“(The story) consumed my life,” Andrews said. “It’s a psychological rage.”

Andrews said during the time of writing this feature, she played out possible scenarios in her head and timed the driving and distances within the area of where Jovin’s body was found.

Does Andrews think Van de Velde killed Jovin? She said yes, but she doesn’t have an exact reason why she was so drawn to write this story.

“I kind of wondered that myself,” Andrews said. “I felt like I was lead to it. I didn’t feel like I was going to nail the professor, but the story latches on to you.”

Andrews’ Arthur Miller’s Missing Act is¬†based on playwright, Arthur Miller (Death Of A Salesman, The Crucible, A View From the Bridge and ex-husband of Marilyn Monroe) and the abandonment of his son, Daniel Miller, who was diagnosed with down-syndrome as an infant. ¬† ¬†Miller cut Daniel out of his life immediately and never mentioned him when he brought up his children in books, interviews and even at his wife’s funeral. For 40 years, Daniel was kept as a secret. When Miller died in 2005, it was known to the public that he did not leave a will, but he actually did, and left Daniel a good portion of his money to last him for the rest of his lifetime.

Andrews said it was almost a possibility that Vanity Fair didn’t run article due to the intense emotion of the story and that it could offend those who have a child of down-syndrome of their own. But everyone knew it was a story that deserved attention.

Rebecca Miller, Daniel’s sister and a daughter of Miller’s, is now a close member of her family. Rebecca didn’t allow Andrews to speak to Daniel. In fact, Rebecca and her husband, Daniel Day-Lewis, were disgusted by Andrews’ story. Andrews said she thinks Rebecca was afraid for the safety of her brother.

“This story was fought very hard by Arthur Miller’s family,” Andrews said.

Andrews had the chance to speak to one of Daniel’s caregivers, however. Andrews said she was on the web for days just to find connections between Miller and Daniel. She ended up on a Vietnam Veteran chatroom and spoke to a member who saw Daniel at a party. The member she spoke to in the chat room ended up being the husband of Daniel’s caregiver.

Andrews said when she called up the caregiver for an interview, the caregiver said, “It’s about time.”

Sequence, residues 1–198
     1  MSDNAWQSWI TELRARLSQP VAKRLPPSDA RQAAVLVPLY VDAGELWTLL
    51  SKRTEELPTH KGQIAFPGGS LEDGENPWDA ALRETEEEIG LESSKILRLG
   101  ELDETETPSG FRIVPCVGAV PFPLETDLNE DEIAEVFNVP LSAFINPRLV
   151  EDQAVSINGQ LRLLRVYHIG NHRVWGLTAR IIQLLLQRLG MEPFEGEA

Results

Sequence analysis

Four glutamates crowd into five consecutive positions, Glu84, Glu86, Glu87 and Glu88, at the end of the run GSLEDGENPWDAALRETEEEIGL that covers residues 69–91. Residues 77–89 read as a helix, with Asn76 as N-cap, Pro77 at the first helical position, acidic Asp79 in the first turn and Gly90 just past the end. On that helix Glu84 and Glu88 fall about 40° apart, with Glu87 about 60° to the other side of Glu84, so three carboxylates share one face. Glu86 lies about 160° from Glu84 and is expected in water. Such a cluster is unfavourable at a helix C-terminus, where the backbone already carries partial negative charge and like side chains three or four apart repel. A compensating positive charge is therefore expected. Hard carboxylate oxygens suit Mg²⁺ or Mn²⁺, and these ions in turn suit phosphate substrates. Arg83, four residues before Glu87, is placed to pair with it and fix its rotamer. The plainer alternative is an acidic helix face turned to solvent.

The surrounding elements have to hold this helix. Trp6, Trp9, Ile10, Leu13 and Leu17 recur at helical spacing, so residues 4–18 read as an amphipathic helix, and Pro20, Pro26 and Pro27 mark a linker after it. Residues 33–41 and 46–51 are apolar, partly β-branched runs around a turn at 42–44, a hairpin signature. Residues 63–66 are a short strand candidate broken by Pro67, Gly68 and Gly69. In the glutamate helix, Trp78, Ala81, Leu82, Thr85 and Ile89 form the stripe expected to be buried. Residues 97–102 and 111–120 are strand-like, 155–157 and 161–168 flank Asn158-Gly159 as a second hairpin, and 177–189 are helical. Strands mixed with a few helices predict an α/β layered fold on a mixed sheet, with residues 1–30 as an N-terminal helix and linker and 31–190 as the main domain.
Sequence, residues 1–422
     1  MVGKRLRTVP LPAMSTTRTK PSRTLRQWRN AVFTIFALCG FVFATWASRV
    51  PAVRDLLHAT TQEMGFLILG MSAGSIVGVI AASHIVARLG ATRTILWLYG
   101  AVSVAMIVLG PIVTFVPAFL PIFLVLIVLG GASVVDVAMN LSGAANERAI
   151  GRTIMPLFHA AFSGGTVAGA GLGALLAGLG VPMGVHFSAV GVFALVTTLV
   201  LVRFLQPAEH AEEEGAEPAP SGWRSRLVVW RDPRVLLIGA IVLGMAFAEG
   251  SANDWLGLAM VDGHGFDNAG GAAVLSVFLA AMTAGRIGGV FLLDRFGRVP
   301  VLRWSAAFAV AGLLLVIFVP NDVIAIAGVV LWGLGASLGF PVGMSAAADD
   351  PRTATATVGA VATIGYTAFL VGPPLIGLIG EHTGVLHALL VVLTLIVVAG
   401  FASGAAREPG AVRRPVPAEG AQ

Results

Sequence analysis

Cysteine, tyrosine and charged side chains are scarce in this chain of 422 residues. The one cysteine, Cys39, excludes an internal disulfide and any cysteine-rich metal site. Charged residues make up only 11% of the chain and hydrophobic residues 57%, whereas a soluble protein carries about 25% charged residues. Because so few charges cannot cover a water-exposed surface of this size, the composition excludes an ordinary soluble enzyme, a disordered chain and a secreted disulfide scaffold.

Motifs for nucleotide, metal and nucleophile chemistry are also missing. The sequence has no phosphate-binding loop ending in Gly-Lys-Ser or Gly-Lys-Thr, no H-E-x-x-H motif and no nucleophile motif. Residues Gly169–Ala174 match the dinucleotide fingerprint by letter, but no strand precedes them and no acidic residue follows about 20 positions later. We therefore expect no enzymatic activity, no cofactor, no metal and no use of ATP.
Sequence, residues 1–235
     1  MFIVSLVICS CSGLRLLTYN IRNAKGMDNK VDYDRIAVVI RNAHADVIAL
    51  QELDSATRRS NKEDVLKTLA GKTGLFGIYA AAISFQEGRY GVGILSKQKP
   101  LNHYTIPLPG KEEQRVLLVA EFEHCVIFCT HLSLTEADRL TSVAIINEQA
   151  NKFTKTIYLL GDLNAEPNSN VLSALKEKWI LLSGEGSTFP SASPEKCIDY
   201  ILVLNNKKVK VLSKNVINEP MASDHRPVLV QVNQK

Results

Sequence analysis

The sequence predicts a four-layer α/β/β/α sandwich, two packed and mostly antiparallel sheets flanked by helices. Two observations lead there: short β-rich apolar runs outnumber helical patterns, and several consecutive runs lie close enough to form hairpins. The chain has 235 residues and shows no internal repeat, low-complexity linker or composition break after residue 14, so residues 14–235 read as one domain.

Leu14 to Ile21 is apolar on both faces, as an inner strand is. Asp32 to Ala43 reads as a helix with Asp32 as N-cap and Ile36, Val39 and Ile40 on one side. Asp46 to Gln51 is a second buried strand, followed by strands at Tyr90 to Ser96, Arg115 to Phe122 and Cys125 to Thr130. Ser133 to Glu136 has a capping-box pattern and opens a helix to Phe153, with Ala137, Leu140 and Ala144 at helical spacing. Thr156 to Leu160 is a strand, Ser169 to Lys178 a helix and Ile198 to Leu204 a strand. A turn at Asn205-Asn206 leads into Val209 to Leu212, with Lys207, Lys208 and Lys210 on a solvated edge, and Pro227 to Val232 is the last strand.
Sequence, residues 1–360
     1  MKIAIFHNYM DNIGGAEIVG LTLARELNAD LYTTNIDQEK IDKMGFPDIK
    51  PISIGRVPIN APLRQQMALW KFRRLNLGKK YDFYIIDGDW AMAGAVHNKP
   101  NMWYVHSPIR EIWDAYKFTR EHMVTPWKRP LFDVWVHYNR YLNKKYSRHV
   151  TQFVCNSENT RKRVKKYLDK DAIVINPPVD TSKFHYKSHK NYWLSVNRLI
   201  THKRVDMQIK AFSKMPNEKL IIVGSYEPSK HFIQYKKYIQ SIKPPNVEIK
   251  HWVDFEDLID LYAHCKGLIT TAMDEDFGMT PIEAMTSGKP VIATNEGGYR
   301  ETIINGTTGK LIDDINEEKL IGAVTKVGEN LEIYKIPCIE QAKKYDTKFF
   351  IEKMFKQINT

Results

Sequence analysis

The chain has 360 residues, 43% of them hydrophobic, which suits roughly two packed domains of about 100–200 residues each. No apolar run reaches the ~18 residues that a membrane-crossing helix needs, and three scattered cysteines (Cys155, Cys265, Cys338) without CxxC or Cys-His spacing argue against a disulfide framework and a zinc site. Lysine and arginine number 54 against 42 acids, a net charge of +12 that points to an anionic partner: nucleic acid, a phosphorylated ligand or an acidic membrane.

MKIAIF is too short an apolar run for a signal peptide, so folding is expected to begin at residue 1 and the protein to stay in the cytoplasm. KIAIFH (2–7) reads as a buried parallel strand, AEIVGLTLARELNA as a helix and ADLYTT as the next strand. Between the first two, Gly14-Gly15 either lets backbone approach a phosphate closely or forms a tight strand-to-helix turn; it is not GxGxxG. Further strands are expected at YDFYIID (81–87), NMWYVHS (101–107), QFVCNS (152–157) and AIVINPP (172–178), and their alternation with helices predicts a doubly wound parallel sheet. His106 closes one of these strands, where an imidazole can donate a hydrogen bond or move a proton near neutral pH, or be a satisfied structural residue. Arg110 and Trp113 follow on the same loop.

After Andrews’ lecture, I feel that I can be more confident in expanding my choices when writing a hard or feature story. So I think I have until tomorrow to meet one-on-one with Andrews in Professor¬†Deutschman’s office until she has to go back to her home in New York City. I would love to see if I have time ¬†to have coffee with her for a more personal talk, but even just a handshake and a short conversation might do well — whatever the outcome is, it’s worth it, right?

Follow Suzanna Andrews on Twitter!: https://twitter.com/AndrewsSuzanna

Here is my very first article with the Nevada Media Alliance! I actually wrote this article before I attended the event. Funny thing is, this was also my very first time attending a state legislature event.

When I went yesterday with my partners Paul, Jeri, Riley and Lindsay, I was expecting a whole bunch of people gathered outside of the legislature. The party was actually inside the building.

I felt a little nervous interviewing some people. I studied some faces on the legislature site the night prior, thinking to ask them basic questions like “How’s your first day going?” “How do you think the legislature will turn out for you this year?”

And the answers I get: “I’m not allowed to answer that” or “Optimistic. Hey, one question, one answer!”

I guess it wasn’t the day to do it! I still have some learning to do.

There were a ton of prayers, sing-a-longs, oaths, and colorful flowers and families lighting up the room. It was definitely a day to celebrate than to work. I had to leave for class after the committee reported to Governor Sandoval that the legislature was ready to rock the 77th session.

Can’t wait for this experience to get rolling! I have more to post later today. ūüôā



Attending the opening day of the Nevada Legislature is similar to starting the first day at a new school: there are rules that need to be followed‚ÄĒrecesses, meeting and greeting new people, proud family members in awe of your accomplishments, and going over what‚Äôs going to happen during the session. Additionally, there are some important and specific details to know before you make an appearance at the first day of the 77th session, so you have a better understanding of what‚Äôs going on. With the help of viewpoints from local reporters who have years of experience covering the legislature, we‚Äôve identified four things that a person should expect when they attend the first day of the Nevada Legislature on February 4.


The ceremony begins at 11 a.m. inside the legislative building at 401 Carson Street in Carson City.  Make sure to dress formally, because…